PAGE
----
aug 16 2011

Brown Bird – Salt for Salt


Photo: Mikael Kennedy

When we interviewed The Low Anthem earlier this year, they mentioned Brown Bird as something to listen in on. We did.

Brown Bird is David Lamb and Morganeve Swain. From Rhode Island, like so many other of the greatest bands that we have met. Their music is, as they put it themselves, ”best listened to in a room of wood”. Could not agree more.

It is Americana, the way it was intended. It makes you stomp your feet, nod your head and just close your eyes and dream of the land of the free and the home of the brave.

Their forthcoming full-length will be released october 18 by Supply & Demand. If you like long beards, beautiful voices, banjo and sweet sweet music, you wanna pick that one up.

Listen to Fingers to the Bone…

Brown Bird – Fingers to the Bone by supplyanddemand


jul 14 2011

Have you met… The Barr Brothers?


I would guess that this is not the last time we come across a great band from Rhode Island. Deer Tick, The Low Anthem and a whole bunch of them springing from a what seems to be a well with no bottom.

Brad and Andrew Barr is no exception, The Barr Brothers have been making music, or fighting their entire lives. And you can tell. This is genuine and pure love. A love for the music.

The Barr Brothers just signed with Secret City Records. Home of such great artists and bands as Patrick Watson & the Wooden Arms, Plants and Animals, Miracle Fortress, Basia Bulat and more. They should feel right at home.

The self-titled album will be released september 27th. I think you want to check that out. Meanwhile, listen to Beggar in the Morning. Sweet sweet stuff. From Providence…
The Barr Brothers – Beggar in the Morning by SecretCityRecords

jun 4 2011

Interview: The Low Anthem


June 4 The Low Anthem´s USA-tour hits our dreamvillage of Louisville, Kentucky. They play Headliners Music Hall (together with Daniel Lefkowitz and The County Line) and it will for sure be a night to remember.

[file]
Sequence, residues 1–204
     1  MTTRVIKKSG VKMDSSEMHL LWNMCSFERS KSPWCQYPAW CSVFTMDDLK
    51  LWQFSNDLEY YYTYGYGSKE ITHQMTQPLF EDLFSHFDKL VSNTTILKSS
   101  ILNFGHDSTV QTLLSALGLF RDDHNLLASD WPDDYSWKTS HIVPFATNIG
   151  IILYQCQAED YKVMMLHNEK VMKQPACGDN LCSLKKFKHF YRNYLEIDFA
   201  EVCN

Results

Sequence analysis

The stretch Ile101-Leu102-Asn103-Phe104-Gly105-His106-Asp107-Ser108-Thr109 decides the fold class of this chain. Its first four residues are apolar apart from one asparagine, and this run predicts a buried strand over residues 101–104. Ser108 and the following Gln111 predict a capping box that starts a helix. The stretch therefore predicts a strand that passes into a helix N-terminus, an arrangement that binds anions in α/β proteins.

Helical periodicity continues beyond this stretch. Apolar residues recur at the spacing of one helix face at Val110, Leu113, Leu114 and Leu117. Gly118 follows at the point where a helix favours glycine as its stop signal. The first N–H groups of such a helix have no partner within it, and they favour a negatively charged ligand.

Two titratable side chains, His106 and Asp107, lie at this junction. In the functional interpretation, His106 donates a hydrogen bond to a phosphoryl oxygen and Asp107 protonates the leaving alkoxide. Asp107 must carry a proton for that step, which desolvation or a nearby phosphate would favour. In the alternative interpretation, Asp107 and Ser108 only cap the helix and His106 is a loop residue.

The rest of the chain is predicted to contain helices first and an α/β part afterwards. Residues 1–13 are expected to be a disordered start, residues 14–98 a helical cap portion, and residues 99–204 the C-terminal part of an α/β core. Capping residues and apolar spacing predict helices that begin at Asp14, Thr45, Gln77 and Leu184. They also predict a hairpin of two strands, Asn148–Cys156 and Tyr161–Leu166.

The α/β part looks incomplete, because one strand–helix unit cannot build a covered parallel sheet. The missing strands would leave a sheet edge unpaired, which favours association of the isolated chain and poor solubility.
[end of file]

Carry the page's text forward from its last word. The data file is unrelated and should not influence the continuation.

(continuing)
Kentuckyseven had a chat with bandleaders Ben Knox Miller and Jeff Prystowsky when they visited Gothenburg, Sweden. We talked about Pringles chips, the soundtrack of Sweden and the smart kids of Deer Tick.

Welcome to Sweden! Last time you played here were a much talked-about gig at Pustervik in the summer of 2010. You recall?

“Sure, that was one special evening. It was late, late at night, a really rowdy crowd who had their fair amount of Swedish beer.  We started out with all our instruments on stage and I know we looked at each other and didn´t know which way it would turn. But after three or four songs we knew, everything connected and we really enjoyed it.”

You even played to the crowd in line outside the bar who couldn´t get in?

“Yeah, that’s right (laugh). It was sold out and a long line of people stayed outside. It was raining, and we stopped and played a song for them outside. The night was dark, it was very special. “

The song  “I´ll Take Out Your Ashes” is your most Swedish song ever, Ingmar Bergman-style. Beautiful, guilty, sad feeling. Like a soundtrack of Sweden. What can you say about that song?

“Really? Well now for sure we will play that one tonite. The song was written a night after hanging out at a bar with my friend who just told me a story about her mother passing away, about how her family was feuding about how to deal with the ashes. The family was fighting about who should come to the ceremony, and who shouldn’t. Meanwhile the ashes was at my friends house, on her kitchentable. For months. She more or less wrote the song, just telling me the story.”

In our ears you got two different type of songs. One aggressive, direct, rock-style. One slow, thoughtful, folk-style. Why does it come out like that?

”It’s all about commitment. We just don’t play the arrangements. We keep ourselves to a high standard of really being there emotionally in the songs. And whether it’s the loudest, most abrasive song or the most beautiful, inviting rich song, it’s the same level of commitment to it, so I think that is the same about those two styles. I really didn’t look at it as a matter of styles, just a matter of intensity.”

You´re from Rhode Island. What can you say about the place?

”We live in Providence, in Smithsville. There is a wonderful community of artists there, and an artschool, and Brown University, where we went. The schools are very liberal, and the area is very un-American. And also it is very off-the-map, no national music comes there. Which is kinda good.”